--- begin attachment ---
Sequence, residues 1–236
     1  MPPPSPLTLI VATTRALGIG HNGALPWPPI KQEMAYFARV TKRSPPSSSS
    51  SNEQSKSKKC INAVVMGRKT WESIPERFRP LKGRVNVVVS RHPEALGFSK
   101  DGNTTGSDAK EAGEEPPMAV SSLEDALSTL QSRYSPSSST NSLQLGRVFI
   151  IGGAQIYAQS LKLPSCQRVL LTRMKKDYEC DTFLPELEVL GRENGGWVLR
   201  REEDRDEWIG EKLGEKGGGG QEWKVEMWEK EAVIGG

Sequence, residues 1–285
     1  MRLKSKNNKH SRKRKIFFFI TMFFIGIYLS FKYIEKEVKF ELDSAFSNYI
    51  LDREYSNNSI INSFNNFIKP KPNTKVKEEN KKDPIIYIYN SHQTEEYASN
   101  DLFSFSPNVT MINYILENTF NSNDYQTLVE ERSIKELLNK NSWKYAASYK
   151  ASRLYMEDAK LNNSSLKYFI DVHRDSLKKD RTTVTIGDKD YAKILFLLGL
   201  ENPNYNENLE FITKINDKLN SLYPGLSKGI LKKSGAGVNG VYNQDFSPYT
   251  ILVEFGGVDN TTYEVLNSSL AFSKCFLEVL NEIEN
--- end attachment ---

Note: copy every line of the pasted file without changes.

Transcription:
Sequence, residues 1–236
     1  MPPPSPLTLI VATTRALGIG HNGALPWPPI KQEMAYFARV TKRSPPSSSS
    51  SNEQSKSKKC INAVVMGRKT WESIPERFRP LKGRVNVVVS RHPEALGFSK
   101  DGNTTGSDAK EAGEEPPMAV SSLEDALSTL QSRYSPSSST NSLQLGRVFI
   151  IGGAQIYAQS LKLPSCQRVL LTRMKKDYEC DTFLPELEVL GRENGGWVLR
   201  REEDRDEWIG EKLGEKGGGG QEWKVEMWEK EAVIGG

Sequence, residues 1–285
     1  MRLKSKNNKH SRKRKIFFFI TMFFIGIYLS FKYIEKEVKF ELDSAFSNYI
    51  LDREYSNNSI INSFNNFIKP KPNTKVKEEN KKDPIIYIYN SHQTEEYASN
   101  DLFSFSPNVT MINYILENTF NSNDYQTLVE ERSIKELLNK NSWKYAASYK
   151  ASRLYMEDAK LNNSSLKYFI DVHRDSLKKD RTTVTIGDKD YAKILFLLGL
   201  ENPNYNENLE FITKINDKLN SLYPGLSKGI LKKSGAGVNG VYNQDFSPYT
   251  ILVEFGGVDN TTYEVLNSSL AFSKCFLEVL NEIEN